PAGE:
The seventh annual Summer Film Festival “Youth Culture in Global Cinema,” will run from July 13th to September 7th and features nine films from around the world.
All films are on Wednesdays at 7 p.m., and feature a post-screening discussion.
Admission is free and open to the community.
Corazón del Tiempo (Heart of Time)
Mexico, Directed by Alberto Cortés, 2009
Q&A with Elizabeth Saenz-Ackermann, Associate Director of the Center for Latin American Studies, and Adan Griego, Curator for Latin American, Iberian & Mexican American Collections at Stanford Libraries
A young woman in the southern Mexican region of Chiapas falls for a revolutionary fighting in the Zapatista conflict.
Sponsored by the Center for Latin American Studies
Japan, Directed by Ryota Nakano, 2013
Q&A with Miyako Inoue, Associate Professor of Cultural and Social Anthropology
Sawa instructs her two daughters to visit their estranged father before he dies and take one last photo with him.
Sponsored by the Center for East Asian Studies
France/Germany/Turkey/Qatar, Directed by Deniz Gamze Ergüven, 2015 (Length 1 hr. 40 min.)
Q&A with Burcak Keskin-Kozat, Associate Director of the Abbasi Program in Islamic Studies and the Mediterranean Studies Forum
Five orphan girls navigate through romance and social pressures in northern Turkey.
Sponsored by the Mediterranean Studies Forum and the Abbasi Program in Islamic Studies
Pakistan, Directed by Meenu Gaur, 2013 (Length 1 hr. 55 min.)
Q&A with Sangeeta Mediratta, Associate Director of the Center for South Asia
Three young men try to escape the reality of their everyday lives and succeed in ways they had least expected.
Sponsored by the Center for South Asia
Russia, Directed by Valery Todorovsky, 2008 (Length 1 hr. 55 min.)
Q&A with Kate Kuhns, Executive Director of Stanford Global Studies
While the Cold War heats up on the world stage, rebellious youth in 1955 Moscow wage a cultural battle against dismal Soviet conformity, donning brightly colored black-market clothing, adopting American nicknames and reveling in forbidden jazz.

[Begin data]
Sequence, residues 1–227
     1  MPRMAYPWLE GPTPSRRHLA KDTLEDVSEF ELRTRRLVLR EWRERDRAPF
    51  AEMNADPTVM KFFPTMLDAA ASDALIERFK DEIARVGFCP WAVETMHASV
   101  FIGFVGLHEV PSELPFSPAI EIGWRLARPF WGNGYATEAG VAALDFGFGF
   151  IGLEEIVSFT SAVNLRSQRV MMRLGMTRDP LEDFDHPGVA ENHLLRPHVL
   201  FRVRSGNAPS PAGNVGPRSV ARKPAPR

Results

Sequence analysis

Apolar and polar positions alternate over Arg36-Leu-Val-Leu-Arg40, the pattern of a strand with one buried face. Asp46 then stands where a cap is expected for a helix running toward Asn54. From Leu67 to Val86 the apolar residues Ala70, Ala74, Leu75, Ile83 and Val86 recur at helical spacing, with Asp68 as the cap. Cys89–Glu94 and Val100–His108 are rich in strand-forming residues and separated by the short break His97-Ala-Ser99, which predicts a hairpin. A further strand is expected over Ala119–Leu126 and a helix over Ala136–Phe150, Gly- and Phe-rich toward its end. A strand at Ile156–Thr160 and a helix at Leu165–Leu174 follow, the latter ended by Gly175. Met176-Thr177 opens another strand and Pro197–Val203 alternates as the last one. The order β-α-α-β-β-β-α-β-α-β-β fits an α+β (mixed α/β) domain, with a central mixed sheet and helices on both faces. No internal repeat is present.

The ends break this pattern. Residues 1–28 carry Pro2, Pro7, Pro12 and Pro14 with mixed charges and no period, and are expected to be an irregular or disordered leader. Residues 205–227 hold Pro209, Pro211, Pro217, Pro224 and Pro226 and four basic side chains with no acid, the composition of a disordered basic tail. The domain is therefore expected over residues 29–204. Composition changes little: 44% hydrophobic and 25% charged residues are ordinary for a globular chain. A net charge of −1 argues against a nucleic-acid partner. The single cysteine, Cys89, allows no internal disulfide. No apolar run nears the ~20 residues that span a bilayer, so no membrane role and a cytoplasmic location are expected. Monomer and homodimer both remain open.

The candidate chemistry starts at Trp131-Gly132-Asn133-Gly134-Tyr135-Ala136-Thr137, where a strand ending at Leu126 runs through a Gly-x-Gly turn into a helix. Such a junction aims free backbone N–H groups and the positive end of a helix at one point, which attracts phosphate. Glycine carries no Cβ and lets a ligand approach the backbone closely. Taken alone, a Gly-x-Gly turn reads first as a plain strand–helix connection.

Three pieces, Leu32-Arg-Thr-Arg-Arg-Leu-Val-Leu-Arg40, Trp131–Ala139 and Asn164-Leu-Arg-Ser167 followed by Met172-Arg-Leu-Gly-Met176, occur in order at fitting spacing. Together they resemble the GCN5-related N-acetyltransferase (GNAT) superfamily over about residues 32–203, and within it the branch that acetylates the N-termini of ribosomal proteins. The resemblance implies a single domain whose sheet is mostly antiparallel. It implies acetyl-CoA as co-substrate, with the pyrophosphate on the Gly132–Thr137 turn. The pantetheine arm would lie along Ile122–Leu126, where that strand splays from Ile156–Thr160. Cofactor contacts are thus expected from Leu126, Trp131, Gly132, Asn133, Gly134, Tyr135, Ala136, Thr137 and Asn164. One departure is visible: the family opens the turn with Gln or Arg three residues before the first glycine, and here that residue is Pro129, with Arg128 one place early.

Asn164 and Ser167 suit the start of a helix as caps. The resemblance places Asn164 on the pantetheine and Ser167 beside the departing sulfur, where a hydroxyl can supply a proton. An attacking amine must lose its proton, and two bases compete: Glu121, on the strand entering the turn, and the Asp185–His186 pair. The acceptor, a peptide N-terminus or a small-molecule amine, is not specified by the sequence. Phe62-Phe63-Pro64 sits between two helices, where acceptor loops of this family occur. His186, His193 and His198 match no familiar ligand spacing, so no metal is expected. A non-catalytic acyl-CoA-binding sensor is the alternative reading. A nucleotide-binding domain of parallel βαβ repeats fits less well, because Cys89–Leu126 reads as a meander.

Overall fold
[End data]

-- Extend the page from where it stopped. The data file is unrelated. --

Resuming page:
Sponsored by the Center for Russian, East European and Eurasian Studies
South Africa, Directed by Sara Blecher, 2012 (Length 1 hr. 45 min.)
Q&A with Laura Hubbard, Associate Director of the Center for African Studies
Based on true events, Otelo Burning is a story of three South African teens that escape the turmoil of their township and discover the joy of surfing.
Sponsored by the Center for African Studies
France, Directed by Mathieu Kassovitz, 1995 (Length 1 hr. 38 min.)
Q&A with Marie-Pierre Ulloa, Lecturer in French and Francophone Studies in the French and Italian Department at Stanford
24 hours in the lives of three young men in the French suburbs the day after a violent riot.
Sponsored by the France-Stanford Center for Interdisciplinary Studies
I Am Taraneh, 15
Iran, Directed by Rasoul Sadrameli, 2002 (Length 1 hr. 50 min.)
Q&A with acclaimed filmmaker and playwright Bahram Beyzaie, Lecturer in the Hamid and Christina Moghadam Program in Iranian Studies, and Abbas Milani, Director of the Hamid and Christina Moghadam Program in Iranian Studies
Fifteen-year-old Taraneh, whose widowed father is in jail, is talked into an unhappy marriage and must deal with the consequences.
Sponsored by The Hamid and Christina Moghadam Program in Iranian Studies
Os Gatos Nao Tern Vertigens (Cats Don't Have vertigo)
Portugal, Directed by Antonio-Pedro Vasconcelos, 2014 (Length 2 hr. 4 mins.)
Q&A with Vincent Barletta, Associate Professor of Comparative Literature and Iberian and Latin American Cultures
This film tells the stories of two people—one an abandoned 18-year old boy and the other a 73-year old widow—and the profound effect that their unlikely friendship has on both of their lives.